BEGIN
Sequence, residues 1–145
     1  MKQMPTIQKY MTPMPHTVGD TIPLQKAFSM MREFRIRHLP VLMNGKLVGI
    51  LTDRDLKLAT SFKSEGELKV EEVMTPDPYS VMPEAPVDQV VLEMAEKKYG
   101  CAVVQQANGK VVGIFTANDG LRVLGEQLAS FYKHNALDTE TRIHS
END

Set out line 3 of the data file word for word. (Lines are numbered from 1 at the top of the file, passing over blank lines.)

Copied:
    51  LTDRDLKLAT SFKSEGELKV EEVMTPDPYS VMPEAPVDQV VLEMAEKKYG